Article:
The CFPB made a New Years Resolution in 2016 to crack down on debt collectors nationwide. The agency has been using the Fair Debt Collection Practices Act (“FDCPA”) in years past in its mission to target third-party debt collectors for mistreating consumer debtors during the collection process. But this year, the CFPB plans to also focus its effort on first-party collectors, or creditors, by relying on the Unfair Deceptive or Abusive Acts or Practices (“UDAAP”) to hold creditors responsible for conduct in violation of consumer rights during the collection process.
By leaning on the UDAAP, the CFPB can direct its focus on original creditors and evaluate their conduct in relation to in-person collection tactics, a practice that is receiving a vast number of complaints from consumers. Previously, the CFPB could not hold first-party collectors, or creditors responsible for collection tactics that were in violation of the FDCPA because the statute is only applicable to third-party collection agencies. According to the CFPB, creditor collection efforts must be held accountable to the same standard as third-party collectors because the result is the same, taking advantage of a debtor during the collection process. Creditor’s collection efforts and conduct is equally as abusive.
When a creditor shows up at your door to collect a debt, it results in extreme stress and hardship on a consumer. This conduct can result in third-party communication when a collector shows up at a consumer’s home, office or recreation area. There is a heightened risk of communication at these places with family, neighbors, co-workers and friends. For example, an in-person collection visit to a debtor’s home may result in the collector speaking with a child or a family friend and a visit to a place of employment may put the debtor at risk of losing his or her job if no visitors are permitted during the work day. Under the FDCPA, outside of discussing location information, third party communication of any kind is not allowed and the CFPB is looking to hold creditors to this same standard under the UDAAP.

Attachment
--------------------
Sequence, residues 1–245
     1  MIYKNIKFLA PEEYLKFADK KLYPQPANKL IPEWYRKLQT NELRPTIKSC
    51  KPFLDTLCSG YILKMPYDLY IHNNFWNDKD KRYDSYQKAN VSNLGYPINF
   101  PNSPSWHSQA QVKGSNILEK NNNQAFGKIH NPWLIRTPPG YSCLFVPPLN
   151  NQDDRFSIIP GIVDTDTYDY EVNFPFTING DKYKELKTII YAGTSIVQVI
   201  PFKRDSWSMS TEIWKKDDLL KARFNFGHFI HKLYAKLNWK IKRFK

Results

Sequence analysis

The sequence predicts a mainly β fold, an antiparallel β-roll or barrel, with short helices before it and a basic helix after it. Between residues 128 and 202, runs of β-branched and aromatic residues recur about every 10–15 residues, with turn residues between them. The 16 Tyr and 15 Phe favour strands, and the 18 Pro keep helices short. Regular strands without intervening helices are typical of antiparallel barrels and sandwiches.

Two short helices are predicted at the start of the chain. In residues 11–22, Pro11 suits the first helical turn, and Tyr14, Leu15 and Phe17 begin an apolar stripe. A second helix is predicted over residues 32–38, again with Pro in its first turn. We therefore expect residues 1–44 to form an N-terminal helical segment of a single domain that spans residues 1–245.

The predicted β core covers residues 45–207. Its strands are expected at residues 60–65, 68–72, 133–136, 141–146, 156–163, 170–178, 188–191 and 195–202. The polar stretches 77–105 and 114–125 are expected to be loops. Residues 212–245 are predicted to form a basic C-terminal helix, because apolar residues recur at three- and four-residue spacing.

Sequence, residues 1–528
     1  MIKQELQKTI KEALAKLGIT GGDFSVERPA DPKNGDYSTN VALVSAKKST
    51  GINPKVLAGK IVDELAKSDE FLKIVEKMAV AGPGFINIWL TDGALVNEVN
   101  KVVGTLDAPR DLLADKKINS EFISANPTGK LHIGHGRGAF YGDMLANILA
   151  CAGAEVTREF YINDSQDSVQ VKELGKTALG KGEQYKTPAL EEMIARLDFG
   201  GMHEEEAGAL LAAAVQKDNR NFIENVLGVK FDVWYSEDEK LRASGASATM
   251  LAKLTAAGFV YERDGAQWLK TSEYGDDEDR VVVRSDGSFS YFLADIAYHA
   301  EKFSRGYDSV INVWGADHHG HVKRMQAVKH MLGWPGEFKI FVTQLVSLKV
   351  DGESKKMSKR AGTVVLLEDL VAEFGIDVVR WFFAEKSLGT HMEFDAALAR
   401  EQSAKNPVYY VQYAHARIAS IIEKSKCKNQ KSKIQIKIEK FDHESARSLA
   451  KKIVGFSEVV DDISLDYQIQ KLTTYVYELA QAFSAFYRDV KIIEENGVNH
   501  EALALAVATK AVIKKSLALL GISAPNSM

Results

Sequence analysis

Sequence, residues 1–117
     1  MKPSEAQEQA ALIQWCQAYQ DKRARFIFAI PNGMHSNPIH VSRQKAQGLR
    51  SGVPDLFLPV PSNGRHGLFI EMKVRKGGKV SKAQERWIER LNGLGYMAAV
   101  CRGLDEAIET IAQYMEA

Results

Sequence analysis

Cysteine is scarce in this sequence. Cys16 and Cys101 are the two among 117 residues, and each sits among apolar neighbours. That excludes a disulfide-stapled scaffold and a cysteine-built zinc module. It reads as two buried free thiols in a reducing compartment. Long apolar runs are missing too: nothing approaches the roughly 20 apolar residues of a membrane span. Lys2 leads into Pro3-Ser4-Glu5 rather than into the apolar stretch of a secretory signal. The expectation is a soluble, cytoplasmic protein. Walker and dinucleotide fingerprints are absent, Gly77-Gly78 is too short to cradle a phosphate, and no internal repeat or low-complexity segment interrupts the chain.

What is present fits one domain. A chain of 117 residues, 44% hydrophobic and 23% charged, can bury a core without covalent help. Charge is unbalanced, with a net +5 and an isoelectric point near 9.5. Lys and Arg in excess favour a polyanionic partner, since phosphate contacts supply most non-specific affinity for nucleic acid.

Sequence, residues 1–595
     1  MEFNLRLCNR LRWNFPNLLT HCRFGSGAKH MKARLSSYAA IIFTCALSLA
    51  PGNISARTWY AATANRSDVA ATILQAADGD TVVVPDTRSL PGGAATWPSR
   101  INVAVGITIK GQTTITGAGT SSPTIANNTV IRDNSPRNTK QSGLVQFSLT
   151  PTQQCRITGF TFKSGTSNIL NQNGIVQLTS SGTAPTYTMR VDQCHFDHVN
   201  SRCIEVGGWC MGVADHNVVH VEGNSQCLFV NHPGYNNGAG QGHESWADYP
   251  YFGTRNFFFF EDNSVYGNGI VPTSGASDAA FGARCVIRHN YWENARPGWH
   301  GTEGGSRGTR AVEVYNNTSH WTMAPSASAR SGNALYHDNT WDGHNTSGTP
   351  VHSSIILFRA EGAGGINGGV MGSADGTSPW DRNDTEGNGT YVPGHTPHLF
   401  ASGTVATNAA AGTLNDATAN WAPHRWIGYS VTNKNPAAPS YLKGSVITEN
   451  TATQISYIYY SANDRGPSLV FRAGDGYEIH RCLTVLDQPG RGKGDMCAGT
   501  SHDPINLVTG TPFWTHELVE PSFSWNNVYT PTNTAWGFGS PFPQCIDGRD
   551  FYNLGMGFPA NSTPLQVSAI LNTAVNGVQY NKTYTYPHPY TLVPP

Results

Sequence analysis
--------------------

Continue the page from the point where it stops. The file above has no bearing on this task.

The application of the UDAAP to hold creditors responsible for collection efforts should serve as a warning to companies using abusive or harassing collection tactics. In the last five years, since the inception of the CFPB, consumers have seen a substantial improvement in their rights. The CFPB aims to continue its protection efforts and clearly will look beyond the plain language of the statutes to accomplish its goals.
If you believe your rights have been violated by a collection agency during the collection process, contact SmithMarco, P.C. for a completely free case review.